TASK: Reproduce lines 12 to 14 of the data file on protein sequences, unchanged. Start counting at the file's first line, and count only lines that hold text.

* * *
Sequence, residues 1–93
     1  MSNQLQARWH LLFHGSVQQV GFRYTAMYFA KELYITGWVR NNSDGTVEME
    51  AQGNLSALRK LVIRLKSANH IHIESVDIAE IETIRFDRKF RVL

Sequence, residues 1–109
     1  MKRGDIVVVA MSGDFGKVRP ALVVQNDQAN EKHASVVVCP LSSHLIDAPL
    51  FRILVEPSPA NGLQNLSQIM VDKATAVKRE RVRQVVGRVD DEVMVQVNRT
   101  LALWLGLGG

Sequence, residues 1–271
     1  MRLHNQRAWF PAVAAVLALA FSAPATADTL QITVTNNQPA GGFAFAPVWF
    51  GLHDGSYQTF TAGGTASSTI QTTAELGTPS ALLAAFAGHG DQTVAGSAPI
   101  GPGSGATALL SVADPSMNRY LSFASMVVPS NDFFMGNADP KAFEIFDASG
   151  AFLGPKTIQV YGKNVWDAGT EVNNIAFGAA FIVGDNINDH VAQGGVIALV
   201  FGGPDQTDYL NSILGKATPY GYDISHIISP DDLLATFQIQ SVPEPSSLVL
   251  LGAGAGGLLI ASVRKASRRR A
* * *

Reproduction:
   151  AFLGPKTIQV YGKNVWDAGT EVNNIAFGAA FIVGDNINDH VAQGGVIALV
   201  FGGPDQTDYL NSILGKATPY GYDISHIISP DDLLATFQIQ SVPEPSSLVL
   251  LGAGAGGLLI ASVRKASRRR A